Background: Systemic glucocorticoids reduce the incidence of bronchopulmonary dysplasia among extremely preterm infants, but they may compromise brain development. The effects of inhaled glucocorticoids on outcomes in these infants are unclear.
Methods: We randomly assigned 863 infants (gestational age, 23 weeks 0 days to 27 weeks 6 days) to early (within 24 hours after birth) inhaled budesonide or placebo until they no longer required oxygen and positive-pressure support or until they reached a postmenstrual age of 32 weeks 0 days. The primary outcome was death or bronchopulmonary dysplasia, confirmed by means of standardized oxygen-saturation monitoring, at a postmenstrual age of 36 weeks.
Results: A total of 175 of 437 infants assigned to budesonide for whom adequate data were available (40.0%), as compared with 194 of 419 infants assigned to placebo for whom adequate data were available (46.3%), died or had bronchopulmonary dysplasia (relative risk, stratified according to gestational age, 0.86; 95% confidence interval [CI], 0.75 to 1.00; P=0.05). The incidence of bronchopulmonary dysplasia was 27.8% in the budesonide group versus 38.0% in the placebo group (relative risk, stratified according to gestational age, 0.74; 95% CI, 0.60 to 0.91; P=0.004); death occurred in 16.9% and 13.6% of the patients, respectively (relative risk, stratified according to gestational age, 1.24; 95% CI, 0.91 to 1.69; P=0.17). The proportion of infants who required surgical closure of a patent ductus arteriosus was lower in the budesonide group than in the placebo group (relative risk, stratified according to gestational age, 0.55; 95% CI, 0.36 to 0.83; P=0.004), as was the proportion of infants who required reintubation (relative risk, stratified according to gestational age, 0.58; 95% CI, 0.35 to 0.96; P=0.03). Rates of other neonatal illnesses and adverse events were similar in the two groups.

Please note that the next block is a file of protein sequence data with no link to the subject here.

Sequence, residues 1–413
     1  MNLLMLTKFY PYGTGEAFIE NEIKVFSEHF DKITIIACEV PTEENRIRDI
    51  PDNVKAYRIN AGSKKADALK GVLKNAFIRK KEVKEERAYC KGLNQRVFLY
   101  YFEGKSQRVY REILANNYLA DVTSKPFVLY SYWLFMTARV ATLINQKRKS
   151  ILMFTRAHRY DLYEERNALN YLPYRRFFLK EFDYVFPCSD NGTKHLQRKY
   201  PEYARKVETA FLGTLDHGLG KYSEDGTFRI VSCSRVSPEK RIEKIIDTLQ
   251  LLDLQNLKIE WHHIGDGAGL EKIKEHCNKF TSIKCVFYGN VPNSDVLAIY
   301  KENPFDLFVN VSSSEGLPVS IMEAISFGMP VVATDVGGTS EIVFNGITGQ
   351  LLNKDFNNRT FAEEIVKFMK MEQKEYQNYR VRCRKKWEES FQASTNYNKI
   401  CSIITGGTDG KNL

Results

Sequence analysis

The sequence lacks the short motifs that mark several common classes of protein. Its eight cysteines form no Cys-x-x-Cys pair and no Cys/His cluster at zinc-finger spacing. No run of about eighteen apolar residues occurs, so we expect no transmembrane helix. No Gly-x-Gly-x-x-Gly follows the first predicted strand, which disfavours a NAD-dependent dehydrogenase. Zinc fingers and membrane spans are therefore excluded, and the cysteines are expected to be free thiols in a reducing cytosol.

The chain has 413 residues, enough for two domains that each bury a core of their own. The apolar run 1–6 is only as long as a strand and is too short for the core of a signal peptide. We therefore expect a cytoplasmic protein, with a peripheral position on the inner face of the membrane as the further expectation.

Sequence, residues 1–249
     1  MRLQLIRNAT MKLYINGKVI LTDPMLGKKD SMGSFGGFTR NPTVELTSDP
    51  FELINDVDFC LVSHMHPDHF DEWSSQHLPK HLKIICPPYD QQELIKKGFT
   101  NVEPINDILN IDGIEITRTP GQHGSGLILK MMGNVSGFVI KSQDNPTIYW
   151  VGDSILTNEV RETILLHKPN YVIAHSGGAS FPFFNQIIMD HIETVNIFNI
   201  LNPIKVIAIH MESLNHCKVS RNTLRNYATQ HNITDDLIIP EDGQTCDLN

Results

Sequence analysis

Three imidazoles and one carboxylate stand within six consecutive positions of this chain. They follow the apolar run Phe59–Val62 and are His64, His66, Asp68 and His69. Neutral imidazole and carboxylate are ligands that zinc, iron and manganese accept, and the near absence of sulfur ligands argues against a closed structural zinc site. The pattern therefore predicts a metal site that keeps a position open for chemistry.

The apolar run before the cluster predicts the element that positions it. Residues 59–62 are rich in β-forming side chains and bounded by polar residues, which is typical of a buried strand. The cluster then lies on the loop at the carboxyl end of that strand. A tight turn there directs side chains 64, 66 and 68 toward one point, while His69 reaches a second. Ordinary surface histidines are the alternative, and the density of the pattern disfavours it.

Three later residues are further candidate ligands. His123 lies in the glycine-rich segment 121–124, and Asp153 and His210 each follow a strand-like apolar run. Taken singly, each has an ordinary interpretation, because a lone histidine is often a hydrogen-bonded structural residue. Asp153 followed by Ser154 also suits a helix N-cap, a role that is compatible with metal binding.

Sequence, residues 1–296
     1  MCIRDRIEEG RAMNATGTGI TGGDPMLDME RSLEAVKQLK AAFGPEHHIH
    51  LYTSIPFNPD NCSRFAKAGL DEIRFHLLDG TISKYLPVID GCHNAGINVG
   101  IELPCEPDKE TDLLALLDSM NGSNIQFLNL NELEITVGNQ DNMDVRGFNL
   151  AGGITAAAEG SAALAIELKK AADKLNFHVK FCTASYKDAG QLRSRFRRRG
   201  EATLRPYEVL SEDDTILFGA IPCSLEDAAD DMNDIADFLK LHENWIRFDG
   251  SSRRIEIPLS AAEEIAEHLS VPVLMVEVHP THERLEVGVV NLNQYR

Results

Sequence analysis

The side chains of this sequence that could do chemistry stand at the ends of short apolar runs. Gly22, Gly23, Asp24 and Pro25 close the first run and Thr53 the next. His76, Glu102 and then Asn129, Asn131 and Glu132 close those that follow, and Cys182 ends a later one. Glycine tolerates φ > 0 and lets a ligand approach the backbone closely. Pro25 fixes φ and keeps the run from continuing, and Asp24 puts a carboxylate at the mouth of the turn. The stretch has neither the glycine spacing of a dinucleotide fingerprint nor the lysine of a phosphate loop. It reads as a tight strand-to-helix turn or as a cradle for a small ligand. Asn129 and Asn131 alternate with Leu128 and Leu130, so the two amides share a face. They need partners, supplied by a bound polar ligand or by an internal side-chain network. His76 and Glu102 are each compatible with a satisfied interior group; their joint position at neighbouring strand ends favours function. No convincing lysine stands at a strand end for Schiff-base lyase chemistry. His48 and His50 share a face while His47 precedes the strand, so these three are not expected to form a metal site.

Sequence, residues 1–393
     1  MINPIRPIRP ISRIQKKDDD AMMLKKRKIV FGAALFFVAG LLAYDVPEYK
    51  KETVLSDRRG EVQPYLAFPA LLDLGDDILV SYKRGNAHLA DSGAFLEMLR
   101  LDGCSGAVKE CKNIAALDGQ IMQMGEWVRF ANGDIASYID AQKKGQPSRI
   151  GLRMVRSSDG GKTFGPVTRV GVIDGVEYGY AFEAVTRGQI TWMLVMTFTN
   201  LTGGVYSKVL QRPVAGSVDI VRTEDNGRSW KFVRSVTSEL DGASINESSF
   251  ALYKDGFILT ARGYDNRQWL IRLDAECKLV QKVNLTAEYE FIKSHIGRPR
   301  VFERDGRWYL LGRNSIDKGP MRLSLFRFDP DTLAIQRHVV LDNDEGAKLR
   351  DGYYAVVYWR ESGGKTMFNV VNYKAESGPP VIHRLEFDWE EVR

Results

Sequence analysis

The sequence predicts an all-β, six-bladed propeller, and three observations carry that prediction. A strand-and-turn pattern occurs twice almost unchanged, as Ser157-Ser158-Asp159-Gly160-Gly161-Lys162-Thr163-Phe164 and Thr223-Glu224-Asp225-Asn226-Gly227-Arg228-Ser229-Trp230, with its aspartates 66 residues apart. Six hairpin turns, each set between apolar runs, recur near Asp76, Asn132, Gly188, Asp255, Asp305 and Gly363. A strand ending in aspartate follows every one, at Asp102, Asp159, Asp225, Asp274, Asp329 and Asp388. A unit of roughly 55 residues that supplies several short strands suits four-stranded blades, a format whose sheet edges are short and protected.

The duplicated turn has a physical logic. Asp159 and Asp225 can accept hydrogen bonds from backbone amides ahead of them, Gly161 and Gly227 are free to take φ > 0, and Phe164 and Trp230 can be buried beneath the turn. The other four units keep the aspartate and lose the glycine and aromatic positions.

Conclusions: Among extremely preterm infants, the incidence of bronchopulmonary dysplasia was lower among those who received early inhaled budesonide than among those who received placebo, but the advantage may have been gained at the expense of increased mortality. (Funded by the European Union and Chiesi Farmaceutici; ClinicalTrials.gov number, NCT01035190.).